The Coalition’s first instinct will be to implement an austerity program, to cut services and support over the next few years in order to get the budget back to surplus as quickly as possible. Just like they did in their horror budget of 2014.
I believe that Labor will take another path.
A path that is less about austerity and more about rebuilding and growing our economy.
The last thing we need now is to cut childcare, health, education, community and other services where there are millions of jobs. An austerity path will deepen the recession, even turning it into a depression.
It is better to live with the debt and deficit for longer to give us time to build revenue and jobs by investing in our economy. Things like:
- Expanding our advanced manufacturing base which has slumped from 30% of GDP in the 60s to just under 6% last year. The Centre for Future Work has recently estimated that of the 36 developed OECD countries Australia ranks last in self-sufficiency in manufactured goods with Australia only producing two thirds of the manufactured goods it consumes (compared to Germany at 118% and Sweden at 112% for example). Other rich, high wage countries do manufacturing very well. We should too. COVID-19 gives us that opportunity. See this article.
- Expanding our research and development capacity and ensuring the intellectual property is owned and developed here in Australia
- Transforming our energy system into 100% renewables, including hydrogen, as well as rebuilding our crumbling energy grid
- Using green energy to transform manufacturing, like green steel production and hydrogen for export, creating thousands of new jobs and to build a circular economy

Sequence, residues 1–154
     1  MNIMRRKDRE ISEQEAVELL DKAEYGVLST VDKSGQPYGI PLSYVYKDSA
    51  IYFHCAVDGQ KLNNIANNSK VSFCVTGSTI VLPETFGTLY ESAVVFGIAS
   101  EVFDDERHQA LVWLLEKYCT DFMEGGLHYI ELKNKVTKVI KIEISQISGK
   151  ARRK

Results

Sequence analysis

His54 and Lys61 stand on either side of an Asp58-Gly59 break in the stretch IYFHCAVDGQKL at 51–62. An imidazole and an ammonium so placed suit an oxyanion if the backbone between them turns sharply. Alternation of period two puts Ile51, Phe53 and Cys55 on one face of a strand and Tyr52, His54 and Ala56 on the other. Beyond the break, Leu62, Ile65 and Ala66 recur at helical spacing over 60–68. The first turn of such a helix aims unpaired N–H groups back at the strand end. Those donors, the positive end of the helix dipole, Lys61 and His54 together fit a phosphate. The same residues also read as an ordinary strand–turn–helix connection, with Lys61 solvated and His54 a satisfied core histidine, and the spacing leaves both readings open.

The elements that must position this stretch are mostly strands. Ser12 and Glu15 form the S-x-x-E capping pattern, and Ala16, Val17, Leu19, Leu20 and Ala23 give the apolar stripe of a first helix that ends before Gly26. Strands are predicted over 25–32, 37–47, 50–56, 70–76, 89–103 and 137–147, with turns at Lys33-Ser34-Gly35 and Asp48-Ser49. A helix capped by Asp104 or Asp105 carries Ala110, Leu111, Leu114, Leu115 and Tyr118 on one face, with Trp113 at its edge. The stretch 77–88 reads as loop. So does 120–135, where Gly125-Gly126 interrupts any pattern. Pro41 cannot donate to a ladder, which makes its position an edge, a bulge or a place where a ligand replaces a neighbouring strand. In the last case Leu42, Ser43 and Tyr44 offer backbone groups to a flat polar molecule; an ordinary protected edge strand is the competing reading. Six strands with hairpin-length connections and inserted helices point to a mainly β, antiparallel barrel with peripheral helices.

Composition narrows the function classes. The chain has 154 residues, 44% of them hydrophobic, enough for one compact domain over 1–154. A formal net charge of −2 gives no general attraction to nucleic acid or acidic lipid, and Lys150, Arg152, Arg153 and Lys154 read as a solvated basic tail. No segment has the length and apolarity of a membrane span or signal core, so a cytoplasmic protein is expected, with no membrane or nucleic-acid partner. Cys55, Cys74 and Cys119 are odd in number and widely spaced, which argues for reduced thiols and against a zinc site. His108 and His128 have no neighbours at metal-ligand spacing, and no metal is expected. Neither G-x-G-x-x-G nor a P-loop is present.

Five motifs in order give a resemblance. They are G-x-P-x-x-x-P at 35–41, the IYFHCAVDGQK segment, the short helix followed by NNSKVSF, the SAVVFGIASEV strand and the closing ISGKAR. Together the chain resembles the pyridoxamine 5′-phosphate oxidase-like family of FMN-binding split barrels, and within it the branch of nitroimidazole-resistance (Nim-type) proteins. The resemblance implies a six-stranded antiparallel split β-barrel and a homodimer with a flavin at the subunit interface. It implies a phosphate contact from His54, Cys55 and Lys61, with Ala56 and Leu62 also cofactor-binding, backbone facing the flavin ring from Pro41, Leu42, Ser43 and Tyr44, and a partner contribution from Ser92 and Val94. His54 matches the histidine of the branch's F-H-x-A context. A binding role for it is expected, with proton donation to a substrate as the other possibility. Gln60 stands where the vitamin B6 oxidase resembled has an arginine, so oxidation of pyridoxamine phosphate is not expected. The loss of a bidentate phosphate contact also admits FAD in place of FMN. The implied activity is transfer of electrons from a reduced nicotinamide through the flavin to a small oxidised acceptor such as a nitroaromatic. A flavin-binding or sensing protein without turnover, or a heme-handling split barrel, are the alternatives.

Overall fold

- Revitalising our agriculture by investing in high intensity agriculture and value adding as well as getting out of hugely inefficient crops. The tiny Netherlands exports over double Australia’s agriculture exports because they have been strategic and energetic.
- Ensuring we have a Jobs Guarantee that provides a real job and new skills, not just a minimal income without hope
- Allowing our huge superannuation sector to invest in off-market manufacturing and infrastructure developments more easily
- Ramping up ‘buy local’ campaigns and mandated local procurement policies which make it clear that if the price and quality is competitive then Australian goods should be used, especially by all levels of Government and in projects funded by taxpayers.
Other countries have been doing all of this and more. We can too.
But we need clear plans for each of these areas, as well as investment and leadership.
Remember, the Coalition drove the car industry from this country and laughed in Parliament as they did it.
The Coalition has legislation in Parliament right now which will rip $1.6 billion out of research and development which will damage bio-science research, including advanced drug trials.
The Coalition has been promising the rural and regional sector a strategic plan for the Agriculture, Fisheries and Forestry Sector for the last seven years. It has never seen the light of day.
Labor is the party of the Button Car and Steel industry plans. Labor is the party that created superannuation that has given us a huge pool of money to invest in our own future.
The next election in 2022, or perhaps earlier, shouldn’t be fought on debt and deficits. In a world where Australia has a very low debt to GDP ratio compared to all other developed countries, we should be focussing on the ‘positive’, not a ‘negative’.
That ‘positive’ is focussing on which party has the best plan to rebuild and reposition Australia for the next decade and century? Which party can build jobs, exports and revenue without ripping the services and heart out of our communities and society?
Labor is up for that challenge.
This story was originally published in Libby's July Newsletter. Please click here to subscribe to the email newsletter.Share Tweet